at least 10% or 100, whichever is less, subject to a minimum of 7 workmen engaged or employed in the
establishment are required to be the members of the union prior to its registration. The amendment moreover
introduces a limitation on the number of outsiders among the office bearers. Collective bargaining is limited within
the scope provided in Industrial Disputes Act 1947.
Even though, in India we have sufficient legislative support by way of various acts mentioned above but it is also
important to mention that only when the unions are recognized by the management then only they get the fullfledged rights as bargaining agent on behalf of workers. But there is no legal obligation on employers to recognize
a union or engage in collective bargaining.
Read more: Collective Bargaining in India: Laws and Realities iPleaders http://blog.ipleaders.in/collective-bargaining-in-india-laws-and-realities/#ixzz42wiYNhtA

New Trends in Collective Bargaining


Decentralized and Individualized Bargaining
The collective bargaining in India remained mostly decentralized, i.e. company or unit level
bargaining rather than Industry level bargaining. But in few sectors (mainly public sector
industries) the industry level bargaining was dominant. However, privatization of public
sector changed the industry level bargaining to company level bargaining. On the other
hand, due to severe informalisation of workforce and downsizing in the industries, the
strength and power of the trade unions have been heavily reduced. The trade unions mainly
represented the interests of formal workers. Increasing number of informal workers in the
companies soon changed the structure of the workforce in such a way that the formal
workers became a minority. As a result of various reasons informal workers could not form
their own trade unions, and on the other hand they are not represented by the trade unions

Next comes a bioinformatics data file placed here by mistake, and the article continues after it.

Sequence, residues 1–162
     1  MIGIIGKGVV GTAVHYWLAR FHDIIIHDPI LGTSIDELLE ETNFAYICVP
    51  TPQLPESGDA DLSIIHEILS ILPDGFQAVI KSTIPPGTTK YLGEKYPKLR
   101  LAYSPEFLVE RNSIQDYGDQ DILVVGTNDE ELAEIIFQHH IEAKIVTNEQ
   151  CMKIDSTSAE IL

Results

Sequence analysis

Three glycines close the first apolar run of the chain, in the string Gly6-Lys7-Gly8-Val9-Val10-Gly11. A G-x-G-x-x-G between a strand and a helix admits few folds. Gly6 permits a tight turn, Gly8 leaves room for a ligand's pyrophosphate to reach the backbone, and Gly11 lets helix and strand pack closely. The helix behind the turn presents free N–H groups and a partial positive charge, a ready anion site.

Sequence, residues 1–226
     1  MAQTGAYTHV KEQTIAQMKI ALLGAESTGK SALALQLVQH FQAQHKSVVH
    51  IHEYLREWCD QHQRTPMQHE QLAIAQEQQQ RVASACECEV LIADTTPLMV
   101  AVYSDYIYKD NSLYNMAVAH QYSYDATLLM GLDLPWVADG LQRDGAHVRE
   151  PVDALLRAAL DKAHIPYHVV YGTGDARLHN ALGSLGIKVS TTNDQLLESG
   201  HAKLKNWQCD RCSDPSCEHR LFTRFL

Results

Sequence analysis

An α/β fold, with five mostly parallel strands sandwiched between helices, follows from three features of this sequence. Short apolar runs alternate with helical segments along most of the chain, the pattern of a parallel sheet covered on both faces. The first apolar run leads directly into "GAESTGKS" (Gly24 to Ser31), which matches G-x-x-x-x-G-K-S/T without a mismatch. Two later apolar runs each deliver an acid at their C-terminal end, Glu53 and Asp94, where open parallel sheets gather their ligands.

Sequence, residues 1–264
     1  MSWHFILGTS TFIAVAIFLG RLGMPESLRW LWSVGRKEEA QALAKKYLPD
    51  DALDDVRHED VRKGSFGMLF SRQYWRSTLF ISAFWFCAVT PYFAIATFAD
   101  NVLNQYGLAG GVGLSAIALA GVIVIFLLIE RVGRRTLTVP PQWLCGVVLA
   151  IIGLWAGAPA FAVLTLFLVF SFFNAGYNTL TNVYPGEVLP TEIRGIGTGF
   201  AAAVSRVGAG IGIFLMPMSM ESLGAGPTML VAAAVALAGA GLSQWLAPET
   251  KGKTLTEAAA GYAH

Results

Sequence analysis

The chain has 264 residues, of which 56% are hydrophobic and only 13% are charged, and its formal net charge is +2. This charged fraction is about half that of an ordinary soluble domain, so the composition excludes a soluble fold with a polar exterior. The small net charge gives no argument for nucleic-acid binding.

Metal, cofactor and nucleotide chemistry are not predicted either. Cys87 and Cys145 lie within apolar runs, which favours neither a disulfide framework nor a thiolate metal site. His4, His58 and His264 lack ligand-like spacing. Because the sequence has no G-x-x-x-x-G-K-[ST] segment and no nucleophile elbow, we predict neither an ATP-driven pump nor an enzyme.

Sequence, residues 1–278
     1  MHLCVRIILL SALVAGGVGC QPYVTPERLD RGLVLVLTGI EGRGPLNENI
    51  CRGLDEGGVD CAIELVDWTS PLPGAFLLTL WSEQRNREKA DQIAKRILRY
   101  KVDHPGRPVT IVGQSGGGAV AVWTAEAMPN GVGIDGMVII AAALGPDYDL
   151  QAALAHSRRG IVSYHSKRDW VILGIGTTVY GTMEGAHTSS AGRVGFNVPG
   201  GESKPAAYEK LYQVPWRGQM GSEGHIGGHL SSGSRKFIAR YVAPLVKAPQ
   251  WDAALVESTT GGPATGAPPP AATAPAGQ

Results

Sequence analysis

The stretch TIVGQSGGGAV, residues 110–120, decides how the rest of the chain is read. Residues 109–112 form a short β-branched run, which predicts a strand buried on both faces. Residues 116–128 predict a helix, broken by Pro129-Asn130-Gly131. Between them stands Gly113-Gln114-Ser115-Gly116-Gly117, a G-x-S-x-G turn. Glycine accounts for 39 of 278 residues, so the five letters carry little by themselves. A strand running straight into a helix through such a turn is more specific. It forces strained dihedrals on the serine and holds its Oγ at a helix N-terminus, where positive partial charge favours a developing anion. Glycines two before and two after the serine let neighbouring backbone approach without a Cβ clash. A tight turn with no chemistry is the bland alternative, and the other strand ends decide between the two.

of the formal workers. These situations resulted in spurt of individualized bargaining.
Advancing of informalisation of workforce combined with the individualized bargaining in
fact changed the character of the trade unions also. In related sectors and industrial
regions, it converted many trade unions (particularly in sector dominated by informal
workers) in to legal consultants (pursuing individual cases and charging fees for their
services) rather than collective bargaining agents.
Declining Wage Share
Declining strength of collective bargaining is also reflected in sharply increasing share of
profit and considerably declining the wage share (since 2001-02), resulting in depressing
purchasing power.
New Wave of Labour Movement for Unionisation
A new wave of workers struggle for unionization is rising from below by and large
independent from the central trade unions. This is generally emerging in the formal sector.
The workers are realizing by their own experiences that they cannot change their fate
without organizing themselves in a trade union. In numerous cases the workers do not get
even the legal benefits like minimum wages, premium rate of overtime and holidays and
casual leaves. Once the union is formed, at least the minimum benefits guaranteed by law
are easily available to all workers. Actually large numbers of informal workers are illegally
put in the category of informal, and they can convert their status in to formal workers only
by organizing themselves in a trade union. On the other hand, the industrialists are not at
all ready to accept trade unions in their factories at any cost. They are unleashing
unimaginable suppression on workers and trade union leaders when there are efforts to
form trade unions in their factories. Even after the trade unions are created, managements
are not ready to recognize them and therefore deny them space for collective bargaining.
There are also new initiatives to organize informal sector workers particularly the agriculture
workers. After the implementation of National Rural Employment Guarantee Act, the new
possibilities emerged to unionize the rural workers around the NREGA. But, the system of
collective bargaining in this sector is very different it is mostly on general issues like
appropriate implementation of the act itself, ensuring minimum wages, employment
guarantee and workplace facilities. There are also initiatives to organize other informal
sector workers also like forest workers, fish workers and other self employed categories. But
the movement is still very weak and informal sector workers are by and large not able to
realize the right of collective bargaining.
Read more: Collective Bargaining in India: Laws and Realities iPleaders http://blog.ipleaders.in/collective-bargaining-in-india-laws-and-realities/#ixzz42wiZVdeV